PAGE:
With the 1990s starting off in economic recession, budgets were tight. There was also a widening gap between urban and suburban spaces, as the Yuppies of earlier generations moved to the suburbs to start families. In these homes chintz, floral, and neutrals emerged as the popular tastes. We can see this recalled today in the “cottage core” trend.
Urban areas, rejecting the “gaudy” nature of the 1980s, the 1990s, exhibited a more restrained sense of design with the emergence of more industrial tastes. This, paired with the rise of punk and hip-hop culture, which existed largely in urban areas, warehouses, city streets, and allies, created a very iconic aesthetic. The art of Jean-Michel Basquiat, Jeff Koons, and Keith Haring, whose work was circulating in the high-brow art world of the 80’s, was becoming more widespread, which led to the increase in graffiti as an art practice. This influence can be seen in interiors with bright pops of color, industrial materials, and large scale double-height spaces. These design elements are resurrected today as a push for sustainability (think adaptive re-use of industrial spaces) and reliance on local art and culture are in vogue. Check out our project Coda on Bryant from MRP Realty that showcases a modern take on these 1990’s music and hip-hop trends.
While trends really do come and go (and as we’ve learned, come back again), there are ways to ensure a truly timeless space. One technique, and something we love to do here at SR/A, is incorporate objects from the past in new and inventive ways.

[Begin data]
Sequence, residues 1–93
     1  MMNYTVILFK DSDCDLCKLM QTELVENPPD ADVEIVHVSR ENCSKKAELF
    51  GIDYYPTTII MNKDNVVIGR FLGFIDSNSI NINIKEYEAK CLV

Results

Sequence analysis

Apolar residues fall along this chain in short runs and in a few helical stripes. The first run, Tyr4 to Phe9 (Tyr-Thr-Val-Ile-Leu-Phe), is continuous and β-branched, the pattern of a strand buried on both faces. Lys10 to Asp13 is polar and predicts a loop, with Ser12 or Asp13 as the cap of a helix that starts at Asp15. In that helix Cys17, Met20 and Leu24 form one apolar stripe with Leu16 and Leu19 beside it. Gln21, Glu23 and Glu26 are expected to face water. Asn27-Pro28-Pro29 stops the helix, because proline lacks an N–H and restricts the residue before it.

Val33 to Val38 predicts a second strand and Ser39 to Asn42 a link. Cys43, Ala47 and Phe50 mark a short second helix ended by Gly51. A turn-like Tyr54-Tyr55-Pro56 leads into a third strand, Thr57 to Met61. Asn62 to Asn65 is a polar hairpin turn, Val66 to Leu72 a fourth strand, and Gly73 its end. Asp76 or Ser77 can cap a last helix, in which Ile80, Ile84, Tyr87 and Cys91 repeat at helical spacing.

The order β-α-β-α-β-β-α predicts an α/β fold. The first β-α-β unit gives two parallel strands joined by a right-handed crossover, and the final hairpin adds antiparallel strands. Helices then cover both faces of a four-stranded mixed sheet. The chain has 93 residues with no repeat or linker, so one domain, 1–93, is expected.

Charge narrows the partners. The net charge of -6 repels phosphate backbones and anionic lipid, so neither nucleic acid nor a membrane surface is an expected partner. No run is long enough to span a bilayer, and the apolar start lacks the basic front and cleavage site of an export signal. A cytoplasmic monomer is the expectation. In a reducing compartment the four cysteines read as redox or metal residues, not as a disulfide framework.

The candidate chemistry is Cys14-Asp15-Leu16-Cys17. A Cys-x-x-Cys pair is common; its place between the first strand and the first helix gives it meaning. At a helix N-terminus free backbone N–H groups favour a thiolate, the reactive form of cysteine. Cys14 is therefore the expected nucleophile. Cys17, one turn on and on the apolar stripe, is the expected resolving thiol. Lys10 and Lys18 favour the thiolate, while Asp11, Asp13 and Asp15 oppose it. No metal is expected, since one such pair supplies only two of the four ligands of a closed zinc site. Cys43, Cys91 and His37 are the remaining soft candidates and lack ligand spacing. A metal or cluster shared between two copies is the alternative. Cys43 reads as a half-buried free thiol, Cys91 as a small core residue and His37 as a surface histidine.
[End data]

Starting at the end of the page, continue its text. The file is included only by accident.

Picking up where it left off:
At our Denizen project with Rushmark Properties (now known as The Point at Eisenhower Square), vintage roller blades bring a pop of color and interest into a millwork grid gallery wall. These colorful elements infuse a sense of fun and whimsy into the space. In our Avec on H with WC Smith project industrial pipe shelves display vintage garden objects which bring in a refreshingly organic feel. And at our Solaire 8250 project with Washington Property Company, old farm tools are displayed in an artful way to ground the space in its geographical history. By incorporating vintage pieces in modern spaces, trends of the past are recalled along with the nostalgic memories they bring, creating a space with storied depth.
It is worth noting that the emergence of the internet, which makes conjuring images of the past easier than ever, has contributed to a vast shortening of the trend cycle. Items that may be on trend for a moment, fall out of favor in just weeks. We may even be seeing an end to trends all together. Apps like TikTok and Instagram make sharing personal style so simple and accessible for all people, the power of big fashion labels and design houses is lessening. Folks also aim to buy fewer new, trendy items and stick with more timeless or vintage pieces in an effort to be sustainable. What do you think? Is the Trend Cycle here to stay or will the future hold a more eclectic and individual focused aesthetic?
Caroline Boyle is a Junior Designer at SR/A. In her spare time she enjoys painting and runs a small vintage decor business.